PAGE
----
The Avera Research Institute Center for Pediatric and Community Research is a recipient of the largest health research grant in state history. The National Institutes of Health is awarding just over $17 million to the center’s ECHO Program.
ECHO stands for Environmental influences on Child Health Outcomes. The program is part of a national effort to examine how early childhood experiences affect a child’s development of conditions like ADHD, autism, asthma and more.
The ECHO program through Avera is focusing on neurodevelopment and asthma. The research covers children ranging from ages 3 to 10 years old, and it will follow the sample group over five years.
Jyoti Angal is the Director of Clinical Research for Avera’s Pediatric and Community center. She explains that a child’s environment is more than their physical surroundings. It also includes their social and emotional experiences.
“And so our questions kind of cover the whole gambit of that. And includes questions of chemical exposures in daily life, their sleep habits, how they’re doing in school, their peer relationships, familial relationships. So kind of anything that would affect the overall child health and development," says Angal.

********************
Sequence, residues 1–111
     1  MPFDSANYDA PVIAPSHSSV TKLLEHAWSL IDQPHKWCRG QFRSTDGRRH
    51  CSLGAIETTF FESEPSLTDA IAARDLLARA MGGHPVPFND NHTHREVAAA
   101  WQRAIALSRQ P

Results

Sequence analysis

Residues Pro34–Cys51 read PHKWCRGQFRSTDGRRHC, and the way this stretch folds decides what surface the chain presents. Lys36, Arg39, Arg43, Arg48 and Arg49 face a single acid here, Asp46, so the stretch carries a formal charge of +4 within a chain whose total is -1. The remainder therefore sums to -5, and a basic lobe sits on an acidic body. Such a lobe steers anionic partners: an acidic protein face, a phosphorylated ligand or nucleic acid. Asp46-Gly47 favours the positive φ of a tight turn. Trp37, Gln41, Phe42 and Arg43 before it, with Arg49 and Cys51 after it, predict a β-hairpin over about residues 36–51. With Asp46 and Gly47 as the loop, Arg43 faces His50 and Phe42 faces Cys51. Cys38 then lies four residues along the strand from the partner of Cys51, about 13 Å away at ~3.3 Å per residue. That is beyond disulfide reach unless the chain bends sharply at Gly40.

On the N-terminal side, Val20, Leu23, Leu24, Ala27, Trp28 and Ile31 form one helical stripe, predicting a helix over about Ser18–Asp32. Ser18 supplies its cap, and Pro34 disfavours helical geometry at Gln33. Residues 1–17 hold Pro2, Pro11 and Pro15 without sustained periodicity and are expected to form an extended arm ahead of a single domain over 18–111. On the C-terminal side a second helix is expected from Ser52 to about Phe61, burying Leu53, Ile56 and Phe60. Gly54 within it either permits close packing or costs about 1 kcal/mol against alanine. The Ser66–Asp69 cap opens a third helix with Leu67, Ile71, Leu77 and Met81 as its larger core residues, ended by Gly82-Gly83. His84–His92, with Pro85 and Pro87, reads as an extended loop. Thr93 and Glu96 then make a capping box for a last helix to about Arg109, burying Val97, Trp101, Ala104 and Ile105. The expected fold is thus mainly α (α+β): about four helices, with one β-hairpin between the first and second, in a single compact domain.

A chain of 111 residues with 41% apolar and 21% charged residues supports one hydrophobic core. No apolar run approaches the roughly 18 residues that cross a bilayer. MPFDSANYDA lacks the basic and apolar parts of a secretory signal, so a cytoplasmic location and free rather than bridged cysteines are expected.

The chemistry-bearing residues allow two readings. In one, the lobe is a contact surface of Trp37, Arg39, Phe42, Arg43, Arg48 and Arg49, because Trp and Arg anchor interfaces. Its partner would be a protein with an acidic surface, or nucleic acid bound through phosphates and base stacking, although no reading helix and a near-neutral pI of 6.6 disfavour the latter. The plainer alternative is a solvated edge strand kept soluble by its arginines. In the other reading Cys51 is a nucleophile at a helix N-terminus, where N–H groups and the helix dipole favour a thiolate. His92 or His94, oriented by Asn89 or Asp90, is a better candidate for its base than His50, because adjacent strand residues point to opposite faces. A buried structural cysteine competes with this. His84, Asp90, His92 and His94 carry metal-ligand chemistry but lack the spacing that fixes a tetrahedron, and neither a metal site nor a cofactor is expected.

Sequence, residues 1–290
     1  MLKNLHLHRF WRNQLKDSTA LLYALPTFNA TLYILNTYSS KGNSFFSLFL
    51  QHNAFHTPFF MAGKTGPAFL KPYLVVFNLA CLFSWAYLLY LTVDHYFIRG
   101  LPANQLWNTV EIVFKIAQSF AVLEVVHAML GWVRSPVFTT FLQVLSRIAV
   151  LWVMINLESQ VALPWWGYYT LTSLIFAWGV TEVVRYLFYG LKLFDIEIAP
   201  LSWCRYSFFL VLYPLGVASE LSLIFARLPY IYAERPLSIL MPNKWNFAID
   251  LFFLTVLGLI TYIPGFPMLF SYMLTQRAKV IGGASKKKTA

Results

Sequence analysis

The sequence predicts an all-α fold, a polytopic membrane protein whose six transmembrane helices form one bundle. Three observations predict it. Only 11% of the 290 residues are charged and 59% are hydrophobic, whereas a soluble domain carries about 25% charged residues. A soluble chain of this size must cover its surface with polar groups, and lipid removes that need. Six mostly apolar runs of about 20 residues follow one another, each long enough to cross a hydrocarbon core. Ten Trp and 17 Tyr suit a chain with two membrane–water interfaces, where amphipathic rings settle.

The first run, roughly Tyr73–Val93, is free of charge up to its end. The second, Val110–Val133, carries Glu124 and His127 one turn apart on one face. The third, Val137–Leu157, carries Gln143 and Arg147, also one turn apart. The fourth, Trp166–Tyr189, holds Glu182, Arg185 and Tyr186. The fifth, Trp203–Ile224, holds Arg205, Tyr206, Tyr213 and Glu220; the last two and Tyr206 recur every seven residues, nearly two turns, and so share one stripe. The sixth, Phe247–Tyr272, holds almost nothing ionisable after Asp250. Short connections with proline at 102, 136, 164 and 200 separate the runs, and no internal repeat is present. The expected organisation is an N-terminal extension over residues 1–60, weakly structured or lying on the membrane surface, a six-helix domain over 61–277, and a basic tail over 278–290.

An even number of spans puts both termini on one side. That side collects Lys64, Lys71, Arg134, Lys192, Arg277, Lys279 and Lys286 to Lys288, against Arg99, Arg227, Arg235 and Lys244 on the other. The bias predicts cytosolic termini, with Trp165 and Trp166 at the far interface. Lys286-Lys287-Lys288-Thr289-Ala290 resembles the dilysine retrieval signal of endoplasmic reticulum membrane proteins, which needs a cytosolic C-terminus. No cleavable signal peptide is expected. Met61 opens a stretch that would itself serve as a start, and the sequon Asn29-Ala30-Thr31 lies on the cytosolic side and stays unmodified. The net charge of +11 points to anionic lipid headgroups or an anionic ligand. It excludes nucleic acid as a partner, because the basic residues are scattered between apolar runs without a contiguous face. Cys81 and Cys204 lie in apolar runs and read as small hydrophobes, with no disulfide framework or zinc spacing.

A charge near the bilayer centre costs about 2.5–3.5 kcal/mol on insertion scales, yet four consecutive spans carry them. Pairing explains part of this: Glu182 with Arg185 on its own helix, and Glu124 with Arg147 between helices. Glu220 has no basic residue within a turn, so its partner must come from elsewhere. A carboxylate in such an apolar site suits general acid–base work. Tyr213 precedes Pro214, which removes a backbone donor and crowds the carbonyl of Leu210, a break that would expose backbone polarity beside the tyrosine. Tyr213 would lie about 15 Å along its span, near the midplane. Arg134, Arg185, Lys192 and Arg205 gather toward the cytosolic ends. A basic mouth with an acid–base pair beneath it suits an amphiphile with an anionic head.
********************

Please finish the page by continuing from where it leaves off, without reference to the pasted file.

Researchers will also measure various chemical exposures through biological samples like blood and mucus.
Amy Elliott is the principal investigator for the ECHO program at Avera. She says they are also adding a pregnant cohort to the study in order to measure environmental impacts on children before they are even born.
“That will be about 2,000 women that we’ll be enrolling in that, both in Sioux Falls and Rapid City,” says Elliott.
Avera’s ECHO team is one of 31 to receive the NIH grant, and the only team in the Midwest.